Sometimes I confuse myself. I get wildly and pointlessly jealous. I spend too much time hating my bum. And you know what I hate more than my bum? My preoccupation with my bum. I’ve had sexual experiences with boys I wasn’t really in to, but I got a post-coital crush on them. I’ve ruined the start of a relationship by immediately imagining it going into reverse.
There is so much about my behaviour I want to understand. So I started researching what makes me – and us – tick. And what I read made my eyes fall out of my face.
Reader, here is everything I’ve learned from science about love, sexuality, infidelity, boobs, periods, pubes, broodiness, and clever old fat. Merry Christmas and Hallelujah, suddenly being a woman doesn’t look like such a minefield after all. – from Goodreads
This was book 3 of the year for the 12 Months 12 Books book club! (And yes, totally feel free to join!) This year’s theme is FEMINISM, and I really enjoyed this book as a part of it.
ANIMAL is a more scientific book than I expected. Sadly, I didn’t learn a lot; not through fault of Sara, but because I studied psychology A-Level! I learnt some things, and one thing that I felt really made me love the book was that Sara makes a lot of… realisations? Epiphanies? Like how boobs are unique to humans! (Think about it: chimps don’t have boobs, like ours, anyway, do they?) I really felt like I was broadening my view as I was reading. Sara reminds me of Miranda Hart, my favourite comedienne, in this way: asking a lot of seemingly random and perhaps even ‘stupid’ questions, but ones that even scientists with PhDs couldn’t answer.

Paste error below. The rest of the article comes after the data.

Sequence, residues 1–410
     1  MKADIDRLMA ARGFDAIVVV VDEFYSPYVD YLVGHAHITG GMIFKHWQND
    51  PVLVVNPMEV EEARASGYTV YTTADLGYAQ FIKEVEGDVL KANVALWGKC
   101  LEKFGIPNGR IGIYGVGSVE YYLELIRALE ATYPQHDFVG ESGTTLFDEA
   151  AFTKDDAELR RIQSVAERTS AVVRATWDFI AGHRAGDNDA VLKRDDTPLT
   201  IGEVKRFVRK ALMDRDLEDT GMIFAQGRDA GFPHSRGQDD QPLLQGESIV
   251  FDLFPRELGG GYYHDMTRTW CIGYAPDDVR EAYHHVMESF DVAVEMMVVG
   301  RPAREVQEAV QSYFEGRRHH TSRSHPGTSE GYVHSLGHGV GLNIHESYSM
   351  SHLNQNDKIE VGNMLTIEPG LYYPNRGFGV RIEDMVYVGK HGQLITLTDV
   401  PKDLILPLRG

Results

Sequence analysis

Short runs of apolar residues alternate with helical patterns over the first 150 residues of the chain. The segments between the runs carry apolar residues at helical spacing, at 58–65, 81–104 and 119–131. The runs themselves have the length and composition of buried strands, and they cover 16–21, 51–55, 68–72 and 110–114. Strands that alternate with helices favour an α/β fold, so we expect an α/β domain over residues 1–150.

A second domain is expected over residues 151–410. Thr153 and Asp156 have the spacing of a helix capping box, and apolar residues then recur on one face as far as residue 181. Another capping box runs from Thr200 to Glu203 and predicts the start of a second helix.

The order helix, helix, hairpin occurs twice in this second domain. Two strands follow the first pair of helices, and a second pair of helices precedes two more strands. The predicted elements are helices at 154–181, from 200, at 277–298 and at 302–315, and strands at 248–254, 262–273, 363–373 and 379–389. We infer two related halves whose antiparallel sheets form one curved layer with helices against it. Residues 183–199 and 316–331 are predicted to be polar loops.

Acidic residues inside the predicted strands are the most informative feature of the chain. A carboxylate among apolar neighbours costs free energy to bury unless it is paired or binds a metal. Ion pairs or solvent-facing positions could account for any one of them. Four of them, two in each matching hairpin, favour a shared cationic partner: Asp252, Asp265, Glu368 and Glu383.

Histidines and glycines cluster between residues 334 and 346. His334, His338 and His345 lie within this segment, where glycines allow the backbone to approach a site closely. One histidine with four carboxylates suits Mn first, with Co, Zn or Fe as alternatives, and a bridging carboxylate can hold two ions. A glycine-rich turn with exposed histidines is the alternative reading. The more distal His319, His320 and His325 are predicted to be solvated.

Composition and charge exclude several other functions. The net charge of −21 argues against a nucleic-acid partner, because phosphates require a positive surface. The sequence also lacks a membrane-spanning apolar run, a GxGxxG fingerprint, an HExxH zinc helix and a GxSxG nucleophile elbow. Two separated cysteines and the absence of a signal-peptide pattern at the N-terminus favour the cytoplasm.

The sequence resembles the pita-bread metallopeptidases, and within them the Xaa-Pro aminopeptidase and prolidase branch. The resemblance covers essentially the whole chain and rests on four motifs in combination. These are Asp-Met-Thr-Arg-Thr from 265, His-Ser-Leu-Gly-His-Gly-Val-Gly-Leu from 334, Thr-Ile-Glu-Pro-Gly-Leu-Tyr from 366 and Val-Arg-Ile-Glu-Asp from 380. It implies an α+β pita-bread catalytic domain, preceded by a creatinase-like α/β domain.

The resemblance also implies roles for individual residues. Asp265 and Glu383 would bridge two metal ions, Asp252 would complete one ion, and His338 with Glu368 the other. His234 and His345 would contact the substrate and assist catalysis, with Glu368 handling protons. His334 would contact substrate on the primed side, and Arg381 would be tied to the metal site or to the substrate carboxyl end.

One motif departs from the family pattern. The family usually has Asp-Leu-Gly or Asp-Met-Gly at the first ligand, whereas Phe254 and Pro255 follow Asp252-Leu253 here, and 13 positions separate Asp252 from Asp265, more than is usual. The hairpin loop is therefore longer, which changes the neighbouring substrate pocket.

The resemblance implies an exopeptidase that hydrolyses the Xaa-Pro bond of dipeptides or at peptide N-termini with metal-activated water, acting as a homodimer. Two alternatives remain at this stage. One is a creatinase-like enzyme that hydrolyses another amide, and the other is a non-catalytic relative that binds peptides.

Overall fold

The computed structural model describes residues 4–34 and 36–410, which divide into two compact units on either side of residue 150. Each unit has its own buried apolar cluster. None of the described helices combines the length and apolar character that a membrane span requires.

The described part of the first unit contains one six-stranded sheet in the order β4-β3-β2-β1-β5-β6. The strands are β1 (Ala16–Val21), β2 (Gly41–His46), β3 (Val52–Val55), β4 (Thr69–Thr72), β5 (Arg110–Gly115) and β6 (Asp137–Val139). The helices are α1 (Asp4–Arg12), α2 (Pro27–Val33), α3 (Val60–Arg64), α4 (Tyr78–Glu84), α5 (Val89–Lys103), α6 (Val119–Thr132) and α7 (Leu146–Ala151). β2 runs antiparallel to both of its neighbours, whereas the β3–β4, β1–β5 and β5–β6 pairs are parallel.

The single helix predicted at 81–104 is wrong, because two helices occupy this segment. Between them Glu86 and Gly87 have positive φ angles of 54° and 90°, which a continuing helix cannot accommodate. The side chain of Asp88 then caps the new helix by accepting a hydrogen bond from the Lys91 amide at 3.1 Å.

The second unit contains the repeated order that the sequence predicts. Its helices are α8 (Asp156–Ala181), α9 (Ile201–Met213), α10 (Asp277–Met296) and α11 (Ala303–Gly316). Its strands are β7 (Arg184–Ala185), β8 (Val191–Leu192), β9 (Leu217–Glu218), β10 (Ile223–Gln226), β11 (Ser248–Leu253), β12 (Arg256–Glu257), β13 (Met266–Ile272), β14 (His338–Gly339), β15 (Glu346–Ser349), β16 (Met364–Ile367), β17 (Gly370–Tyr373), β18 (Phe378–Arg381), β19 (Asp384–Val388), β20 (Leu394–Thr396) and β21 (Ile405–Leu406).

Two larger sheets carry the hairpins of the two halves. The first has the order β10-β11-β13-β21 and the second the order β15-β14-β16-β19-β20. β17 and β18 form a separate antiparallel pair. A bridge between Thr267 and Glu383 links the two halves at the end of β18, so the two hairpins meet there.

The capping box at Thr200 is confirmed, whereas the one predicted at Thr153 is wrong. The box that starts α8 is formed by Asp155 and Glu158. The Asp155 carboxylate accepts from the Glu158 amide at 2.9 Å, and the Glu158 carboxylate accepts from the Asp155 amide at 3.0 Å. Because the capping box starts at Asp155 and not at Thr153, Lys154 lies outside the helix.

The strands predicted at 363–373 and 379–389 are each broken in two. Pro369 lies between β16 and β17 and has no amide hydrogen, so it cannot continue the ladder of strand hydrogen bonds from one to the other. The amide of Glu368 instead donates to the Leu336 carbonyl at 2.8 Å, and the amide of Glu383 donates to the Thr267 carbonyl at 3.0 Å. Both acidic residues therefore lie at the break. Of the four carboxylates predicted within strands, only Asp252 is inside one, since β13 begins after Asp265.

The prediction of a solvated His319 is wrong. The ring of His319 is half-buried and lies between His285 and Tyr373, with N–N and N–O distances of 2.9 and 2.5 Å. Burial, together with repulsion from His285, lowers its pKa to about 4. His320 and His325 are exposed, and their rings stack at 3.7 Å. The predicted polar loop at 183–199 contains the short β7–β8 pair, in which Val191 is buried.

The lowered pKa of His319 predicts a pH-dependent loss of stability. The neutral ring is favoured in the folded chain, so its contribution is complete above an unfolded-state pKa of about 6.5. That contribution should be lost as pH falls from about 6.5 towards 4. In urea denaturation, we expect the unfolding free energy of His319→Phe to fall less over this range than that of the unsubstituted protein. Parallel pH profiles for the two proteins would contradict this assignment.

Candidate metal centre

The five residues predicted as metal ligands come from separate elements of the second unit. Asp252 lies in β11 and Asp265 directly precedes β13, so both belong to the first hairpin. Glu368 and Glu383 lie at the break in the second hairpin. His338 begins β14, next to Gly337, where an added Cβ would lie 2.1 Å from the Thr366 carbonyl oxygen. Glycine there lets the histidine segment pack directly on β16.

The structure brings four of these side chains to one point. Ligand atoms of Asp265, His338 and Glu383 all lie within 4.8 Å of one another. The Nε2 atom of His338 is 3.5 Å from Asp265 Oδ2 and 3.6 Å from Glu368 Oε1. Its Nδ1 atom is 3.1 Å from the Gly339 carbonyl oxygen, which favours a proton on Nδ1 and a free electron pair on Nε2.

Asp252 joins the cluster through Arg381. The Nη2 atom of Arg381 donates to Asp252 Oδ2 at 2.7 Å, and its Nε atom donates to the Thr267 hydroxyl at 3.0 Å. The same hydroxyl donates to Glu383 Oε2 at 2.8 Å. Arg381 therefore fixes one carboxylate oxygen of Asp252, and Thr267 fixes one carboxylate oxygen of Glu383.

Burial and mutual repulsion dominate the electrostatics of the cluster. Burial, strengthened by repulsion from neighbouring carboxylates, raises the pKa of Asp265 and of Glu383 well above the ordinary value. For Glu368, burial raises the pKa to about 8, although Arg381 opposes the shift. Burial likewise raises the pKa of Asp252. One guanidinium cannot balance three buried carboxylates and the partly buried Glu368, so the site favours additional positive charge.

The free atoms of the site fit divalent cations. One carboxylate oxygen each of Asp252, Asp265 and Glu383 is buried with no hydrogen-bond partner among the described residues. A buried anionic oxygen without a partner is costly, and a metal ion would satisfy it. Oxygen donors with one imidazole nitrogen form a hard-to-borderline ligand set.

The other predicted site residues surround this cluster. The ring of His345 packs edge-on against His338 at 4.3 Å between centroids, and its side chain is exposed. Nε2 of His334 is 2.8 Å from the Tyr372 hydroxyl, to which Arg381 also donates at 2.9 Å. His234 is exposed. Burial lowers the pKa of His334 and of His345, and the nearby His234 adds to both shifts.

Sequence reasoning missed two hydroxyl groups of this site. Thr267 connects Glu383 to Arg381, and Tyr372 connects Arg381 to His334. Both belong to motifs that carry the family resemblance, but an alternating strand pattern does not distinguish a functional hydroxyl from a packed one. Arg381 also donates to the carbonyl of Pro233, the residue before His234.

One thing that was a real strength of the book was how personal it was. It felt part autobiography, part science book, and I really loved that. The wonderful thing is that Sara was equipped to write both autobiography and science, although of course she isn’t a scientist. I have read other books such as this, like Ben Fogle’s LABRADOR, but where Fogle was brilliant at writing autobiographically, he fell down in the historical/scientific aspect. Sara writes strongly in both.
However, it does help that I believe in evo-psychology myself, so some others may have disliked the science-y aspect more. Science and evolution and psychology are hard, and Sara isn’t an expert – so I mean no disrespect to her when I say that, of course, there are some bits that are easily disreputable.
One thing that a lot of the other reviewers have commented on is that, at points, it seemed quite juvenile. I am eighteen years old, and it didn’t seem that way to me, but it did seem very… me. It felt really conversational, and I felt a massive connection to Sara, but I can imagine that some other people may think it’s juvenile. However, I loved this young, conversational way of writing!
Overall, I really enjoyed reading ANIMAL. Sara is a great writer, engaging, and I loved how she was brave enough to add in her own anecdotes and experiences, some of which were quite harrowing. It’s given me a fair bit to think about, and I know that I will flick back into ANIMAL at times throughout my teenage and twenties, definitely. It’s given me the boost to go and learn more, and also, perhaps, the courage to someday share anecdotes of my own.
I would love it if you joined my book group – you can do so by clicking here. In April, we are reading THE FEMALE EUNUCH by Germaine Greer.
AUTHOR: Sara Pascoe
PUBLISHER//YEAR OF PUBLICATION: Faber & Faber // 2017
NUMBER OF PAGES: 328
PERSONAL SOURCE: Bought from Amazon